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Flooding Inundates Kenya, Killing at Least 32 and Displacing Thousands

Days of torrential rains have hit parts of Kenya, leaving at least 32 dead, 15 injured and more than 40,000 people displaced, according to authorities. Flooding has killed nearly 1,000 farm animals and destroyed thousands of acres of crops, and more rain is expected across the country in the coming days.

The rains began in March during what is known in the country as the “long rains” but have intensified over the past week, according to the Kenya Meteorological Department.

Heavy rains also hit other East African countries. In Tanzania, at least 155 people have been killed and 236 others injured due to incessant rains which have swept several parts of the country in recent days, Prime Minister Kassim Majaliwa said on Thursday.

The rains affected some 200,000 people, Majaliwa said, and caused damage to farms, bridges, roads, schools and places of worship. The Tanzania Meteorological Authority has warned that heavy rain and strong winds would continue to hit several cities, including the port city of Dar es Salaam.

In Kenya’s capital, Nairobi, where some of the country’s heaviest rains fell, more than 30,000 people were displaced, according to the United Nations Office for the Coordination of Humanitarian Affairs. On Tuesday, 18 people were stranded there and then rescued, including seven children, the Kenya Red Cross said.

Nairobi County Senator Edwin Sifuna said the social networks that the local government was “clearly overwhelmed” and he called on the federal government for help.

“The situation in Nairobi has reached extreme levels,” he wrote in an article including video of people stranded on rooftops surrounded by floodwaters.

Kithure Kindiki, cabinet secretary of the Ministry of the Interior, said in a post on social media On Thursday, several government agencies launched a joint operation to help victims, carry out rescue work and evacuate those who remain in danger.

Heavy rains on Wednesday forced Kenya Railways to suspend commuter train services. The Kenya Urban Roads Authority also partially closed four main roads in Nairobi and warned of heavy flooding along several major highways in the capital and the coastal city of Mombasa.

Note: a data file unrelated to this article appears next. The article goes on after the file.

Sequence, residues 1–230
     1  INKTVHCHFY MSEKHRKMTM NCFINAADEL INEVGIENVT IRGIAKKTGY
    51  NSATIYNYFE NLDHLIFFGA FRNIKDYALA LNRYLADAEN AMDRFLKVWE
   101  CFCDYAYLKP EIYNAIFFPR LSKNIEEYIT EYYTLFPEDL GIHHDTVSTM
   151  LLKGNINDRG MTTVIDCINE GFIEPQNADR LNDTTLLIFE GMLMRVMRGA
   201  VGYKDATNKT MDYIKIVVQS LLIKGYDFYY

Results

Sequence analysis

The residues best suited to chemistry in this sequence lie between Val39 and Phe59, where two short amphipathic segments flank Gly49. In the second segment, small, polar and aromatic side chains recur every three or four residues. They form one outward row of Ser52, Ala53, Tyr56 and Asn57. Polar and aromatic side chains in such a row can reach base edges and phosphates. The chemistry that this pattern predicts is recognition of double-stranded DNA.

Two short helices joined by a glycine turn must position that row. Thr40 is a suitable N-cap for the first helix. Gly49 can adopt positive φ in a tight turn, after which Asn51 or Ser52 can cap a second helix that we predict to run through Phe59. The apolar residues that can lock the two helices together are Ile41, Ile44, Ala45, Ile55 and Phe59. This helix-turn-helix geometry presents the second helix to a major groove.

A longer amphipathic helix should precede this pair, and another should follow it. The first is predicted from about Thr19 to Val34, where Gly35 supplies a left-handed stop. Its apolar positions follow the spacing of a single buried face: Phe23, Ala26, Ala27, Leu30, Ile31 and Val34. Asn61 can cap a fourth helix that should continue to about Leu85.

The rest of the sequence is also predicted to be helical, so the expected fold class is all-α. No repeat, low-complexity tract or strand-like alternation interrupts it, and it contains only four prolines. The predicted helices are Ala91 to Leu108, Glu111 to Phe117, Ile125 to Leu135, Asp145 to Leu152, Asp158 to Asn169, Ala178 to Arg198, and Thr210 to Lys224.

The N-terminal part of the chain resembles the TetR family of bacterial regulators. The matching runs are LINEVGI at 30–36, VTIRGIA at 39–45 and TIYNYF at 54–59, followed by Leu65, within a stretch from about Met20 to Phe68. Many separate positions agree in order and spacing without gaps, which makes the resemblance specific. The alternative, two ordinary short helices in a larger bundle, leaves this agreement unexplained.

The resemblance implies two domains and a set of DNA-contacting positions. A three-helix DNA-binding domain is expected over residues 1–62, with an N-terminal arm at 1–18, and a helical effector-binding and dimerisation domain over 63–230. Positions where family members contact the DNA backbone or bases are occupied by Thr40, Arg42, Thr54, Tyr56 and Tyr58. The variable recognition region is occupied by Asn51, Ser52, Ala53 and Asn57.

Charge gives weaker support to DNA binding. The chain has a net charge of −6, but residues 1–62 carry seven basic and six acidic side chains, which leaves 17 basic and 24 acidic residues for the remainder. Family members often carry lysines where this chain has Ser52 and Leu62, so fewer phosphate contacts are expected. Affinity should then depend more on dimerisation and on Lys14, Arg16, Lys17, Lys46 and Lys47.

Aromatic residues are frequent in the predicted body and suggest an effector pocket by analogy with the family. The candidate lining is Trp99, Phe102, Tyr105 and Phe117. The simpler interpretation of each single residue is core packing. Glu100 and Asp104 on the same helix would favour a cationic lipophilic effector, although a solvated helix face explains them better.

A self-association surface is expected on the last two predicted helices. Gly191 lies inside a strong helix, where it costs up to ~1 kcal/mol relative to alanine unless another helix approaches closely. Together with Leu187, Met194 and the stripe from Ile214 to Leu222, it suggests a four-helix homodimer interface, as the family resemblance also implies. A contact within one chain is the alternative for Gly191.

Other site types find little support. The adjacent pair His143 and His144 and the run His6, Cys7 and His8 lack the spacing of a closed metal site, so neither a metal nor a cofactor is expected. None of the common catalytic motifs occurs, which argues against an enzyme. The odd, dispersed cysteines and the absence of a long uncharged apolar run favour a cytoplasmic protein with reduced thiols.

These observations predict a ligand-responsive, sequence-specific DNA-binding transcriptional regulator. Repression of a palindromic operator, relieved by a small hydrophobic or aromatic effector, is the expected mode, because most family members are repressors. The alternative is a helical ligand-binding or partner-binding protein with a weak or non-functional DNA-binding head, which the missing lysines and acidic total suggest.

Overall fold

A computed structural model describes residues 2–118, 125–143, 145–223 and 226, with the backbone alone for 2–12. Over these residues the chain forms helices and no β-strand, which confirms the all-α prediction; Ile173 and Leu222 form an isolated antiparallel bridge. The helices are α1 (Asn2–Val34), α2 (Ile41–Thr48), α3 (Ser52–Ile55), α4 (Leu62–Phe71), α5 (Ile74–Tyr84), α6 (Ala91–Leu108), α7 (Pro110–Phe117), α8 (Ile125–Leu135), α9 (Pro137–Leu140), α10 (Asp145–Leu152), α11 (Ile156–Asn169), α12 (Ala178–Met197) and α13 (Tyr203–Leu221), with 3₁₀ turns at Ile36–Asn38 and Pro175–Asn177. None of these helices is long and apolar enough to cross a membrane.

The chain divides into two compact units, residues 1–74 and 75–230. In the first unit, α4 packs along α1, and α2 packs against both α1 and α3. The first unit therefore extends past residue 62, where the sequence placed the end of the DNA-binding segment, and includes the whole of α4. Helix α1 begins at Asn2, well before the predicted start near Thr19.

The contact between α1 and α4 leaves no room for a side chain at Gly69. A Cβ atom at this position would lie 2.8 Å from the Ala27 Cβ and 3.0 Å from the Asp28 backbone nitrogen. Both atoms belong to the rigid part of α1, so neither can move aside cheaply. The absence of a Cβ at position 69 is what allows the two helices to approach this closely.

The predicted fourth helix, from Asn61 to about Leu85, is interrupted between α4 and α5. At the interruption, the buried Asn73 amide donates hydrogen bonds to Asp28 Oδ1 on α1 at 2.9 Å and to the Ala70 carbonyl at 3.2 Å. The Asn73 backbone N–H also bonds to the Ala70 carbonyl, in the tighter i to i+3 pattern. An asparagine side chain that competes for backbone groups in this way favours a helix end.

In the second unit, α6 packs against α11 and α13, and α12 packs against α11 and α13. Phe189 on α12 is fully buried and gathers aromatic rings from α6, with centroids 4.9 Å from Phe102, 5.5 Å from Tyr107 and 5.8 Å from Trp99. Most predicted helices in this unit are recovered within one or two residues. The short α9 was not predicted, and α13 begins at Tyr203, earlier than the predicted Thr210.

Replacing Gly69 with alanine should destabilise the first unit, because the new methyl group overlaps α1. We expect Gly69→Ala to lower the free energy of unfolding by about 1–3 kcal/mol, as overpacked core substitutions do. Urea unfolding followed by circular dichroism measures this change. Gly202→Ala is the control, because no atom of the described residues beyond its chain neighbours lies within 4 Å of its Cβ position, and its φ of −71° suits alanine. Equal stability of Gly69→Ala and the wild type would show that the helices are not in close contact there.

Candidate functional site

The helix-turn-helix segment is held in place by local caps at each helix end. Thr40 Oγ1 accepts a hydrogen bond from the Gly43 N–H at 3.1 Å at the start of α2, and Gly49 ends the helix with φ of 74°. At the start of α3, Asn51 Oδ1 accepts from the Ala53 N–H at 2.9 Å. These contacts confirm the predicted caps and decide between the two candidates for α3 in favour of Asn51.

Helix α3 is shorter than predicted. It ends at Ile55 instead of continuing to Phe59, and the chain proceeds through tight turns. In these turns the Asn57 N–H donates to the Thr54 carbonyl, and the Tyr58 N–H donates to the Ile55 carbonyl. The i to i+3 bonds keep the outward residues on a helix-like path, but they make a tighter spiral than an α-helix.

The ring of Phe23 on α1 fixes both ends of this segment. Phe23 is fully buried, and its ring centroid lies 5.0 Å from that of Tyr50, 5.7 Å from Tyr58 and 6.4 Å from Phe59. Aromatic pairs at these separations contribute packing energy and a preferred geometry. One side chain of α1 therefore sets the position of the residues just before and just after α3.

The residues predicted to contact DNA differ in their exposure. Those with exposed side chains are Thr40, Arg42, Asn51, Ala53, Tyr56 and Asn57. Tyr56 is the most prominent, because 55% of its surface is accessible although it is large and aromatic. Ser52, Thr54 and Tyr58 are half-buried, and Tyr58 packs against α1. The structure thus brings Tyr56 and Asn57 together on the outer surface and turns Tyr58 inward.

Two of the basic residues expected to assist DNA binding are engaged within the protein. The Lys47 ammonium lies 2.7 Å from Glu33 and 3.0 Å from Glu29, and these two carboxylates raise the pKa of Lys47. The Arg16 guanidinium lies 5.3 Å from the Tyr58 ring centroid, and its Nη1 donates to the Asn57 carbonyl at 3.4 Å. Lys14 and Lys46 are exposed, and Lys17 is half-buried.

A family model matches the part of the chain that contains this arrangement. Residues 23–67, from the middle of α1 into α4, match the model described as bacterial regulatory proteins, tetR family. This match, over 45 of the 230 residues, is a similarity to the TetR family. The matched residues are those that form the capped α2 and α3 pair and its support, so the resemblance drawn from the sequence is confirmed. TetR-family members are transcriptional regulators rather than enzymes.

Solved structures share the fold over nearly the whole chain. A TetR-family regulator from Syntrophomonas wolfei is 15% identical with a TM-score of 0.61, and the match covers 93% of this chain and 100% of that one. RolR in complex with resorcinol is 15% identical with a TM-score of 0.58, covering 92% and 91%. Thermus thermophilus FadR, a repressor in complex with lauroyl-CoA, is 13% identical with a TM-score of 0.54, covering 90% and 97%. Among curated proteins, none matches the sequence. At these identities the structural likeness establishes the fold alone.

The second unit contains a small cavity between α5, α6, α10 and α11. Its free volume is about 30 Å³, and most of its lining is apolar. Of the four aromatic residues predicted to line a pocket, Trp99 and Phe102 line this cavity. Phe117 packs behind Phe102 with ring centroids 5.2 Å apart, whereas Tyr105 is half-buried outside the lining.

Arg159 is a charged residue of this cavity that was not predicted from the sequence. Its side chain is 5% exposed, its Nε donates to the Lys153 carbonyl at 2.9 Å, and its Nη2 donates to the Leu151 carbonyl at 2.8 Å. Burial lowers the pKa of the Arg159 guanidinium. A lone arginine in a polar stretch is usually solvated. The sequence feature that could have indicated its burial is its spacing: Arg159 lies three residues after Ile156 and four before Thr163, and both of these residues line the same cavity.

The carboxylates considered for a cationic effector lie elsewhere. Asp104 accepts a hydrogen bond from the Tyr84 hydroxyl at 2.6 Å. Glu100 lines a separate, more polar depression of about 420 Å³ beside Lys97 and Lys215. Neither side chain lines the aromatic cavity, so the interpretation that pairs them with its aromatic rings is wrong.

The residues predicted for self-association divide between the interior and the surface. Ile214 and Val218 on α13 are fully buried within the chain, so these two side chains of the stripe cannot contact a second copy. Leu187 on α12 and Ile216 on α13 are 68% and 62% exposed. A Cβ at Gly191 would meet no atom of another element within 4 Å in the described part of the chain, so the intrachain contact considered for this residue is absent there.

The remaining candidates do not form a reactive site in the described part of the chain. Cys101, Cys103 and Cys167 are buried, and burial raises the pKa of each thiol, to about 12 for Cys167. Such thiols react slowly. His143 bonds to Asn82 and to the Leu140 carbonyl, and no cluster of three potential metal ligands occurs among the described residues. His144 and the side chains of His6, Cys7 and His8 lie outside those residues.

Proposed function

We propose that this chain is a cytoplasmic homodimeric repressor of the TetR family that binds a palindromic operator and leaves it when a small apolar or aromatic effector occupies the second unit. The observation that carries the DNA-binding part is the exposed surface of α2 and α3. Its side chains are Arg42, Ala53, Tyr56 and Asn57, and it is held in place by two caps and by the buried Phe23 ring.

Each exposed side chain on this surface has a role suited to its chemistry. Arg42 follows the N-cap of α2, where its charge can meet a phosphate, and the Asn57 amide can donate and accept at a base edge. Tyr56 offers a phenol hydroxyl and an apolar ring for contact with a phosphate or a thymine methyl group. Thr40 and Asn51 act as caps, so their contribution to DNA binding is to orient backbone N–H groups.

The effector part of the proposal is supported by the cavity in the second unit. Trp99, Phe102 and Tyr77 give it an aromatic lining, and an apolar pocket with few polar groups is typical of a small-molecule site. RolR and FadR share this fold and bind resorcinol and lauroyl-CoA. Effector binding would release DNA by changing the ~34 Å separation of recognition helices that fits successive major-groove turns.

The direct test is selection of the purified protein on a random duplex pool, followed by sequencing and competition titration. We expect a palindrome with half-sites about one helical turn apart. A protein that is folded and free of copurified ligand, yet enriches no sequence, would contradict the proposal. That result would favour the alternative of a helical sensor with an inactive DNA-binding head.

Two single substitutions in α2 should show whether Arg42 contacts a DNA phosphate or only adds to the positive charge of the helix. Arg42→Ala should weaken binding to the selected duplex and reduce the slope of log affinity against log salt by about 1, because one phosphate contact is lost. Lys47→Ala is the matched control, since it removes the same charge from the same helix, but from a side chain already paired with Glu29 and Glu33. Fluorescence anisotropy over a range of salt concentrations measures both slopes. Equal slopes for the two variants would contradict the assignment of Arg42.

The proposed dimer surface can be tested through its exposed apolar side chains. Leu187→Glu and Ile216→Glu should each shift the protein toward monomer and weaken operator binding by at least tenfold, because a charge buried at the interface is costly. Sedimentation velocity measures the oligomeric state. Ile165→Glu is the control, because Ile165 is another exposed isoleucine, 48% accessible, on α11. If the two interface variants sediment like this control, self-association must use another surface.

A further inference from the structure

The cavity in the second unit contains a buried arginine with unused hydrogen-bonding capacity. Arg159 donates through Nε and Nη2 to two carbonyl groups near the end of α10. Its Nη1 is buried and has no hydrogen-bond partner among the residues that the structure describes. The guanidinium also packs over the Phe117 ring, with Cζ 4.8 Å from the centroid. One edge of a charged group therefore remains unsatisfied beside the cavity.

The rains are not expected to ease over the coming days, according to the Kenya Meteorological Department, which forecast rains for parts of the country, including Nairobi, until Monday. The agency also warned of a high likelihood of diseases such as malaria and diarrhea in some areas.

The latest downpours come just months after torrential rains and flooding killed dozens of people and displaced thousands across the country.

Here are photographs of the floods in Kenya:



News Source : www.nytimes.com
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With a penchant for words, jack began writing at an early age. As editor-in-chief of his high school newspaper, he honed his skills telling impactful stories. Smith went on to study journalism at Columbia University, where he graduated top of his class.After interning at the New York Times, jack landed a role as a news writer. Over the past decade, he has covered major events like presidential elections and natural disasters. His ability to craft compelling narratives that capture the human experience has earned him acclaim.Though writing is his passion, jack also enjoys hiking, cooking and reading historical fiction in his free time. With an eye for detail and knack for storytelling, he continues making his mark at the forefront of journalism.
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